The UK Government has a mortgage guarantee scheme which allows borrowers with a deposit of just 5% to apply for a mortgage.
Learn about more government schemes and other alternatives to 100% mortgages below.
If you're struggling to save a deposit, a lifetime ISA may help. You can save up to £4,000 each year and the government will provide a tax-free 20% bonus on savings. However, you have to use the cash for your first home or retirement – otherwise you won't get the bonus money and will pay penalties on what you've saved.
If you're able to save a small deposit, shared ownership may also be an option for you. This allows you to purchase a percentage of a property and pay rent on the rest. You can then normally increase your share in the property in increments over time, in a process known as 'staircasing'.
There is also the First Homes scheme in Engand, which can help first time buyers purchase homes for 30-50% less than market value. You must meet certain criteria and local councils may set additional eligibility criteria - find out more on the UK government website.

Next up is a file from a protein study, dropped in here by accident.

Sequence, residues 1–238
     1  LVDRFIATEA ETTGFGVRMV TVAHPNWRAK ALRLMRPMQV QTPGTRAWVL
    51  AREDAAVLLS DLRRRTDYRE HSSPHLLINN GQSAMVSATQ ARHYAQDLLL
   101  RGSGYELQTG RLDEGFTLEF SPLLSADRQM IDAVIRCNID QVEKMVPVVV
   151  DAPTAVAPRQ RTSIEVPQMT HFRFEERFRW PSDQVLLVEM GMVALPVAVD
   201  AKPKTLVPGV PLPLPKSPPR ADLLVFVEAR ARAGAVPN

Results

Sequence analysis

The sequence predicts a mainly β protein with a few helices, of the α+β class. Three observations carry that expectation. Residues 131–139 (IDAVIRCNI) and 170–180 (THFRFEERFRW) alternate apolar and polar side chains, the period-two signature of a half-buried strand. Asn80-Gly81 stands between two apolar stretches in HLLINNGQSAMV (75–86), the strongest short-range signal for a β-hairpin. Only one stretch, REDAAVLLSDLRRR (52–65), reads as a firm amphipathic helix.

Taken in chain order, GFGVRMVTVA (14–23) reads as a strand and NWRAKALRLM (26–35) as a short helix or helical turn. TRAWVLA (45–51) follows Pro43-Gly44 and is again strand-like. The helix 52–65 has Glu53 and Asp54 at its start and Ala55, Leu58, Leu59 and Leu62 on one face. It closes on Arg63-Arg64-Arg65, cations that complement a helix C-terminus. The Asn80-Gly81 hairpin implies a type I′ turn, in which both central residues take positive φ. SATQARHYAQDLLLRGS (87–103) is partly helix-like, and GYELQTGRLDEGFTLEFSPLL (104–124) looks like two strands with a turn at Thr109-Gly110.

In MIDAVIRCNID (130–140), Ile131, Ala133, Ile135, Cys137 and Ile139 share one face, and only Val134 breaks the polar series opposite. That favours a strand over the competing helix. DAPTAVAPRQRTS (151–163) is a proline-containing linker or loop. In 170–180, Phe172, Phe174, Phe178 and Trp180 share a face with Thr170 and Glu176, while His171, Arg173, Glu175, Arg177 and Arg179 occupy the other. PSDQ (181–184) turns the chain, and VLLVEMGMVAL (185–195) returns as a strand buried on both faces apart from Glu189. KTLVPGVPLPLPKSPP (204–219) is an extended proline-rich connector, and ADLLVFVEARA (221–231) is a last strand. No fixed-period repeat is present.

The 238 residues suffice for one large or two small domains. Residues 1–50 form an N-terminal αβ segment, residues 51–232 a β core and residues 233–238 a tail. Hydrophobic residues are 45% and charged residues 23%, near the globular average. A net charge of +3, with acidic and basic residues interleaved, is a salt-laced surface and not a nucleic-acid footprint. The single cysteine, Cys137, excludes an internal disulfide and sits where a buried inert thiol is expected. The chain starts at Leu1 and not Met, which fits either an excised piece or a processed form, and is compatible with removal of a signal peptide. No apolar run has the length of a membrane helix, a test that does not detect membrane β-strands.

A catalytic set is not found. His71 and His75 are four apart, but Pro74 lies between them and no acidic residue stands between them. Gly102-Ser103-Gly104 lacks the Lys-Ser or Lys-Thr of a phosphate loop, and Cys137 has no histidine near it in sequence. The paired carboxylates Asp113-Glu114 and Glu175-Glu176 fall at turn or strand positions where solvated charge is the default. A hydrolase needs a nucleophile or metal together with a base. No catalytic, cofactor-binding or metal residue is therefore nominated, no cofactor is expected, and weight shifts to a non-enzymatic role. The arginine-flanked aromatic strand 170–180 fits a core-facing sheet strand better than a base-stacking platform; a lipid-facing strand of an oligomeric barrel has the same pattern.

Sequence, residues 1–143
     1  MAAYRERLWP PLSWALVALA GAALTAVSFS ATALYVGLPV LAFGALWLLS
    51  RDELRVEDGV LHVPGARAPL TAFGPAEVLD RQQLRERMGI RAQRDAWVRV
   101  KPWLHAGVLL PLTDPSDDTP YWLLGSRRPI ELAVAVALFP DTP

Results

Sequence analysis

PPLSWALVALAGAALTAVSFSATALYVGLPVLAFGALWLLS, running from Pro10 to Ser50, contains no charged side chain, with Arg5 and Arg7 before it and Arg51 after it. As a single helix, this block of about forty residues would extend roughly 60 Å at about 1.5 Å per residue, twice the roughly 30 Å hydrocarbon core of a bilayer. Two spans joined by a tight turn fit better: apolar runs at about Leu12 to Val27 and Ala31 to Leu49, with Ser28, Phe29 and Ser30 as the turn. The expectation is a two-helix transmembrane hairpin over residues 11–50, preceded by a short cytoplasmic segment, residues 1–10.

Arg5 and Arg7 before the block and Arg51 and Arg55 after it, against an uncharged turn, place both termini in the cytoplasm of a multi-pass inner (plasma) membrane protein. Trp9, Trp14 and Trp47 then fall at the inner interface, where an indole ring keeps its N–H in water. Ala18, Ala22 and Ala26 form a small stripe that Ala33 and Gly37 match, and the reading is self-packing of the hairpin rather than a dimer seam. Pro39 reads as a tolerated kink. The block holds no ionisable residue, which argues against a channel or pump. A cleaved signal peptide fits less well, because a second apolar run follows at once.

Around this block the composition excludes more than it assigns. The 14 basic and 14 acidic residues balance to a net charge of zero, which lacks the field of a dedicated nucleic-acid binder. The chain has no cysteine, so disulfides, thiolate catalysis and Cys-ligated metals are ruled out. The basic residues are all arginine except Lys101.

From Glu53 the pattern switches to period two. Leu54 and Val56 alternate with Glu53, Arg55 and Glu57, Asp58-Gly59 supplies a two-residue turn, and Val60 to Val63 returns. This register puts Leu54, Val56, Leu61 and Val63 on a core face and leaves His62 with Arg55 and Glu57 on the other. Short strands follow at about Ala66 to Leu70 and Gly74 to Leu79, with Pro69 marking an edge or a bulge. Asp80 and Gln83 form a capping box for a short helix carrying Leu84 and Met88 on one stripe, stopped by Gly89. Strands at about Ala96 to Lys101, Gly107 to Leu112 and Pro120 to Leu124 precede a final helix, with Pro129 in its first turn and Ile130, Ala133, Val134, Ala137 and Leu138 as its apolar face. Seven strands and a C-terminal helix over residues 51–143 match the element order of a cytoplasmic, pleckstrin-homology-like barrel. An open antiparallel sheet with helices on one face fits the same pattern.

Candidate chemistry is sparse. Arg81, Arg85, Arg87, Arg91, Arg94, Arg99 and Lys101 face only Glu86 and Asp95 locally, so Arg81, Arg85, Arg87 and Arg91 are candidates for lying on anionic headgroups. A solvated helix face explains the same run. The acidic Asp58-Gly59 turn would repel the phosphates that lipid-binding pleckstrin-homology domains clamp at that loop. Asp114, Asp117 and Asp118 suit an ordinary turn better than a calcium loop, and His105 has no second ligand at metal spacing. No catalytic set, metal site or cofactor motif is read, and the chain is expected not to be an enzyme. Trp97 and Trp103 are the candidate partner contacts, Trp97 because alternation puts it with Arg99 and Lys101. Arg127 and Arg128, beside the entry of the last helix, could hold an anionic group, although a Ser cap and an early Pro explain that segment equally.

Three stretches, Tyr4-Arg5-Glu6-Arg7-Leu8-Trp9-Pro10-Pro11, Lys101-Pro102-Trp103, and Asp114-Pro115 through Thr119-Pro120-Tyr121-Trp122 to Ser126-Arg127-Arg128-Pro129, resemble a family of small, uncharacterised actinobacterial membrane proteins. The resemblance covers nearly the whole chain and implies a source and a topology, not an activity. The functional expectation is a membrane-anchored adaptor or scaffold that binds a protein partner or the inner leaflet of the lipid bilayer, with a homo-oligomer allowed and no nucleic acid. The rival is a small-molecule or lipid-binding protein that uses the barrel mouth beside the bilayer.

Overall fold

If you're struggling to save up a deposit, it might be worth seeing if a family member would be willing to gift you a cash sum to cover a property deposit.
This is now a reasonably common occurrence, with 'the bank of mum and dad' said to have become one of the UK's largest mortgage lenders in recent years.
This will need to be confirmed to your solicitor with a gifted deposit letter. This is essentially to confirm that you won't have to pay the money back at any point and that the family member has no right to the property.
In some cases, new-build developers may offer loans to help you with a deposit to purchase a property from one of their developments.
It's important to check the terms and conditions of the loan, and make sure that you can afford to pay this back in addition to your mortgage repayments.
YOUR HOME MAY BE REPOSSESSED IF YOU DO NOT KEEP UP REPAYMENTS ON YOUR MORTGAGE